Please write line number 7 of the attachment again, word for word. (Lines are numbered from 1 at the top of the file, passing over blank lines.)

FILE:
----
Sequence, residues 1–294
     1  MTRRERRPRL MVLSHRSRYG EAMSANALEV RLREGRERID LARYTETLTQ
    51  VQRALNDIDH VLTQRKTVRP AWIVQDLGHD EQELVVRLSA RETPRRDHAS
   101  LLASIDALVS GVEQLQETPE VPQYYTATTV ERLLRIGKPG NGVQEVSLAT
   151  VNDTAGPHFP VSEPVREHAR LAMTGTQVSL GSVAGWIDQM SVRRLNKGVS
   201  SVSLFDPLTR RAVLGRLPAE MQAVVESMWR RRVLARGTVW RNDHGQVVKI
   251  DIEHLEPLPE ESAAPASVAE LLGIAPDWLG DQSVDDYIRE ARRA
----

   251  DIEHLEPLPE ESAAPASVAE LLGIAPDWLG DQSVDDYIRE ARRA